Keeping your Feet Warm in Extreme Cold

Keeping your feet warm when photographing in extreme cold is a little less challenging, but a close second to keeping your hands warm.


They are many options when it comes to socks! As long as they work for you. Personally, I like:

  • Merino wool socks
  • Socks with T-MAX HEAT™ technology. Thicker cushion increases heat retention and comfort. Intensive brushing process increases air retention close to skin for maximum insulation and warmth
  • Home made fleece socks

Winter Boots

They are a must. As a night sky or aurora photographer, you will spend long periods of time outside without moving. Not walking around much and just standing by your tripod does not help with keeping feet warm.
I have two pairs of boots, one for daytime for walking and hiking, and one for night photography.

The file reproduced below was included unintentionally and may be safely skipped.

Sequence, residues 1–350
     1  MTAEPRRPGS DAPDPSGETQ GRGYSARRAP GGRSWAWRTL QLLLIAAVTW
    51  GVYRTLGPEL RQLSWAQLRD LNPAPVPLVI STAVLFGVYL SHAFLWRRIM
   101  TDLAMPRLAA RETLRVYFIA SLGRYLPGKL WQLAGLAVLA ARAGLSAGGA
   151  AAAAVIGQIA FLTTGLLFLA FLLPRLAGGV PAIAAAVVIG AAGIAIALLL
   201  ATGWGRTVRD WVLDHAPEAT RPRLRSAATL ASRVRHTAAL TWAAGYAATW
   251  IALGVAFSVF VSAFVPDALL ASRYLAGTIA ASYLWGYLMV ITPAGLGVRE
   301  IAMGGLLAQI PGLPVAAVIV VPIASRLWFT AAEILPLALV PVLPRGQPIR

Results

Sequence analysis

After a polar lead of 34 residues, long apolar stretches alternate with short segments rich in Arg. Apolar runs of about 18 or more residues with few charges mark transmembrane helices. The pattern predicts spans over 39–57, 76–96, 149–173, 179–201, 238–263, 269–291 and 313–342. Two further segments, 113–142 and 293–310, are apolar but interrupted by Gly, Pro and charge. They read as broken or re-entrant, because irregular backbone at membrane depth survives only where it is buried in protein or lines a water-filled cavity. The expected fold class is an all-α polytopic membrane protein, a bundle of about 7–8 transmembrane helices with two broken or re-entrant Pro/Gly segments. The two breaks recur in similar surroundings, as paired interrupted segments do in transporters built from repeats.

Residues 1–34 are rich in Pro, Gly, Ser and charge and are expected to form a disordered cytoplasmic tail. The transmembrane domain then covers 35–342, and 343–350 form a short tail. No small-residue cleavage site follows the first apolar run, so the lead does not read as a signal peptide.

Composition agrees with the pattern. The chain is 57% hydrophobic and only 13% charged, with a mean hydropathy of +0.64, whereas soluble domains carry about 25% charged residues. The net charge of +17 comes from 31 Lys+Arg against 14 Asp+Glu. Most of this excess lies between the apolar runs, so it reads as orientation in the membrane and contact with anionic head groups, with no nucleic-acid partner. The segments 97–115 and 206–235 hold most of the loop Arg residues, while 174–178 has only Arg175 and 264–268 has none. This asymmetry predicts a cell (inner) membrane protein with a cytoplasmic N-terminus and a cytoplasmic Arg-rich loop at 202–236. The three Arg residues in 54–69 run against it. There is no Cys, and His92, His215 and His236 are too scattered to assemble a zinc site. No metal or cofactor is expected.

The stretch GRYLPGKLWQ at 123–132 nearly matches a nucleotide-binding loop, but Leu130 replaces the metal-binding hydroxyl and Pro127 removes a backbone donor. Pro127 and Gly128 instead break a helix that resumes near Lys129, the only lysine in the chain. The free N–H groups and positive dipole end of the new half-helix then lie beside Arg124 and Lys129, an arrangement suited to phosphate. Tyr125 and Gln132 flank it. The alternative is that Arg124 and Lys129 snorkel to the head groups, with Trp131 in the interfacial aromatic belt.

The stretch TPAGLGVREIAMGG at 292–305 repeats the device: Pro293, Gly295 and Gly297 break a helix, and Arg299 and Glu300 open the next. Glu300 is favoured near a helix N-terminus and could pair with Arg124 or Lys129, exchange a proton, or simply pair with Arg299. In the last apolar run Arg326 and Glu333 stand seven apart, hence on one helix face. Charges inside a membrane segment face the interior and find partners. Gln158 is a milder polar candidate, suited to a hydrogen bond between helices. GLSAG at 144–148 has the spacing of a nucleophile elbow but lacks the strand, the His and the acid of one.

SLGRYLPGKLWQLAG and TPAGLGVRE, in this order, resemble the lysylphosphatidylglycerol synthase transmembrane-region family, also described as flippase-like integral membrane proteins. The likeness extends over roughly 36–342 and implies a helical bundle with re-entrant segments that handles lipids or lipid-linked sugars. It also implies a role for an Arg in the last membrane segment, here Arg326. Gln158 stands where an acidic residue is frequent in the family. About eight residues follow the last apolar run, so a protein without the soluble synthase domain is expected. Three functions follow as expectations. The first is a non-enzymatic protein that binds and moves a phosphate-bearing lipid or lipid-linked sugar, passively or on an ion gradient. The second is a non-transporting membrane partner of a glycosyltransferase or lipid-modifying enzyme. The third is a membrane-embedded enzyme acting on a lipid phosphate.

Here is what I look for when I buy boots for night photography up North:

  • Cold rating of at least -20°C
  • Waterproof
  • Thick rubber outsole
  • Removable inside liner
  • Loose fit – one to two size bigger than regular shoe size


This is why I have boots two size bigger that my shoe size, and still not tight when I wear thick socks: to add extra stuff in my boots.

Here are my go to:

– Insoles: Polar or Arctic insoles made of felt and aluminium weaved together are very effective. The felt traps heat and cushions the foot while the aluminum base prevents heat loss, and guards against dampness.

– Chemical heat warmers: regular hand heat warmers can be added under your toes. I find the toe warmers do not provide enough heat when it is very cold.

– Heated Rechargeable Insoles: powered by rechargeable lithium ion batteries, they have three temperature settings run by remote control. Worth noting – these soles are not too efficient when boots are tight.


Anything that can insulate your feet from the cold ground will help. I have invested in a pack of interlocking foam tiles because they are easy to carry around and reusable, but cardboard or a yoga mat work well too.